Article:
You Already Have That Linux Command in Windows

I do a lot of work with Windows and Linux, and I have a little trick that I’ve shared 100 times IRL and finally decided to drop into a blog post for posterity.

So often, I’m working with groups of Windows developers trying to access Linux VM’s in Azure or Raspberry Pi’s running Raspbian and I ask them to ssh into the server.

Note: ssh is not just a tool, it’s a verb, and I concur with @shanselman who has declared that it’s correct pronunciation is much like the sound made by a downhill skier - a sort of “shoosh”. Now you know, so pass it on.

Unfortunately, many of those Windows developers commence to open PuTTY - a graphical tool for doing serial or terminal communication. If you’re opening a graphical tool for doing CLI work, there’s an inbalance in the force. Something is terribly wrong. You should be far more intimate with your system’s terminal or command line tool and that tool should allow you to ssh.

So how do you ssh from Windows? There are a number of ways, but if you have Git for Windows installed, you probably already can if you just do one simple thing.

Git for Windows installs by default into C:\Program Files\Git. If you look in that folder, you’ll find \usr\bin. And if you look in there, you’ll find a whole ton of Linux commands, and one of those commands is ssh.

If I remember correctly, these commands are actually the Cygwin Win32 ports of most of Linux’s commands.

So to start using all of those commands, all you have to do is add C:\Program Files\Git\usr\bin to your system path.

Method 1: edit the system environment variables

Go to Start and type “environment” and then choose to “Edit the system environment variables”. Then hit the Environment Variables button, find the Path variable in either your User or System Variables, and edit it to include C:\Program Files\Git\usr\bin. Now restart any terminals and type ssh to test.

Method 2: add the path in your profile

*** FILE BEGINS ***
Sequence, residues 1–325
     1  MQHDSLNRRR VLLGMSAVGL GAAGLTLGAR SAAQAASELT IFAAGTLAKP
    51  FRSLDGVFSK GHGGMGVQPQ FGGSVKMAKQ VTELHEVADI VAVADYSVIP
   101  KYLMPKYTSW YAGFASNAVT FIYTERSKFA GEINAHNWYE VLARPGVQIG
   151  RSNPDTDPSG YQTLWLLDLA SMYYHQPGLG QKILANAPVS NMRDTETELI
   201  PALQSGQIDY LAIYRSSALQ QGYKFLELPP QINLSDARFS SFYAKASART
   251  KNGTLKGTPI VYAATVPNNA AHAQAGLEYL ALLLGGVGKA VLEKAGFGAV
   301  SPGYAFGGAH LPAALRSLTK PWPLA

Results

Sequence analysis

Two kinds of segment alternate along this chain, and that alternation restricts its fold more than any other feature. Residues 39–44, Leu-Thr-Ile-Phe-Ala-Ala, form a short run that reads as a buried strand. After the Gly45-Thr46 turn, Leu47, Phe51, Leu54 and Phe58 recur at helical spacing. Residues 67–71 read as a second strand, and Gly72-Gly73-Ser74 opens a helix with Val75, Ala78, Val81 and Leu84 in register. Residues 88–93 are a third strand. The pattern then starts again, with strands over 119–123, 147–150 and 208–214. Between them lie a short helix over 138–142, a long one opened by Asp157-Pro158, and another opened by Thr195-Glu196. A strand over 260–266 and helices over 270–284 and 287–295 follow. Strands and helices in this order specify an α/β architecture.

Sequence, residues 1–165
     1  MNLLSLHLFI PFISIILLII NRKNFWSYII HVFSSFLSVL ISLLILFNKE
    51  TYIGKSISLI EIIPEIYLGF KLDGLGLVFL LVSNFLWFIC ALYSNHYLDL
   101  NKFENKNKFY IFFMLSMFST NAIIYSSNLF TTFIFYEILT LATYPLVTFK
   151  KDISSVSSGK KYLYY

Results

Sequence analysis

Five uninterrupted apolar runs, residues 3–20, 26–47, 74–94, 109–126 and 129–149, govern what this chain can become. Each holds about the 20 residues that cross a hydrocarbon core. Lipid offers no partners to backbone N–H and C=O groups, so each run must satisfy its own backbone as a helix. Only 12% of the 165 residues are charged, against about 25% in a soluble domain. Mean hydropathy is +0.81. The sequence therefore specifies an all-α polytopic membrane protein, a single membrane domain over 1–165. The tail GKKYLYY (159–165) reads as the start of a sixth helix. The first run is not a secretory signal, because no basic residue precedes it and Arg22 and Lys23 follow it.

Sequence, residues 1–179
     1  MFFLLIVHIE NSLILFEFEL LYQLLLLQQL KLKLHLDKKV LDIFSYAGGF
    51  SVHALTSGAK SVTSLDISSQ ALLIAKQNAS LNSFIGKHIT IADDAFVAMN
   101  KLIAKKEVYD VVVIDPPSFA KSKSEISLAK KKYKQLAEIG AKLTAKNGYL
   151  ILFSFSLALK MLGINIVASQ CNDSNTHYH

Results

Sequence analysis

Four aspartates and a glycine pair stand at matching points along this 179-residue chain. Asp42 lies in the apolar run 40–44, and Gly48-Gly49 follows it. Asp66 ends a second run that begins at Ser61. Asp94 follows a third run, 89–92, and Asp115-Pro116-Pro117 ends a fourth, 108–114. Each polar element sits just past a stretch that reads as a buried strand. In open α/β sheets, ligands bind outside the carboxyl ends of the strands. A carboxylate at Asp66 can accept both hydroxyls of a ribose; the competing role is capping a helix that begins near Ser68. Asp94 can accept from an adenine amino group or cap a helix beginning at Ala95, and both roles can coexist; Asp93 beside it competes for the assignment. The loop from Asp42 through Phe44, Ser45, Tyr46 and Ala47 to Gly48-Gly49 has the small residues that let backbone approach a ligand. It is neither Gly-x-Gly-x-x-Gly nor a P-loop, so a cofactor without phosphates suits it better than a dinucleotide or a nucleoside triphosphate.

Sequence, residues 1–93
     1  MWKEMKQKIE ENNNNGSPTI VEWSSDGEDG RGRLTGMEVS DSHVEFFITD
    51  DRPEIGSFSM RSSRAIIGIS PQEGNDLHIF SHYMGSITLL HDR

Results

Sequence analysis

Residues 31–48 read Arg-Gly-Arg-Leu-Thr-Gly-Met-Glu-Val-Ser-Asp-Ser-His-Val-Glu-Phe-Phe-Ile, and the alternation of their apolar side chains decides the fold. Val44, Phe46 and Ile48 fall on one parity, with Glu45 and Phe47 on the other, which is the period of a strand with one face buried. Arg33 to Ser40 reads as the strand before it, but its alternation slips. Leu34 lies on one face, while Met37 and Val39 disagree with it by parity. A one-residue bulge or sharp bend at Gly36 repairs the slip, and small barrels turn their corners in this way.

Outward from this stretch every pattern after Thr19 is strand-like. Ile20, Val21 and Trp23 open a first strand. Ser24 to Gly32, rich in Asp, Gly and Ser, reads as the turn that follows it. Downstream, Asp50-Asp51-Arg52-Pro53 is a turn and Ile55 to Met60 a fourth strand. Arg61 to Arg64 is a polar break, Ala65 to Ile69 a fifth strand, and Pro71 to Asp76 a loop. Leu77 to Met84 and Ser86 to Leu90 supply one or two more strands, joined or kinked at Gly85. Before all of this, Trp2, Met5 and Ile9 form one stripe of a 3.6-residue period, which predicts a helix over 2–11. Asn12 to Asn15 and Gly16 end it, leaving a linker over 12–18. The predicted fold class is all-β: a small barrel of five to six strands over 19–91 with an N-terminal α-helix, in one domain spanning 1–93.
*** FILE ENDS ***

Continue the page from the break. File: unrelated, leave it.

The method I actually use to get these commands into my path is a bit different. I add a command to my PowerShell profile (C:\Users\jerfost\OneDrive\Documents\WindowsPowerShell\Microsoft.PowerShell_profile.ps1), but if you use bash you could do the same thing in your .bashrc or .profile.

The advantage to doing this in my profile instead of using Windows’ UI for editing my path is that I can keep my profile saved in cloud storage so it persists across reinstalls of Windows. So I don’t have to remember to edit my path after I reload my computer.

To do this in PowerShell, go to your command line and use your editor of choice to edit your $profile. I would type code $profile to use Visual Studio Code to edit it.

Then add this line somewhere in there…

$env:Path += ";C:\Program Files\Git\usr\bin"

Again, test this by restarting your terminal and simply calling ssh. Now try scp and touch and ls. Yay! But ls already worked for you you say? That’s because PowerShell has a bunch of built in aliases, and ls is an alias for dir. So the functionality is similar, but not exactly the same.

There are a bunch of these aliases, in fact. You can see the full list here. I recommend adding the following lines to your PowerShell profile to remove these aliases and unlock the real (well, almost real) Linux commands…

If(Test-Path alias:curl) { Remove-Item -Path alias:curl } #remove alias that shadows use of real curl
If(Test-Path alias:rm) { Remove-Item -Path alias:rm } #remove alias that shadows use of real rm

Enjoy!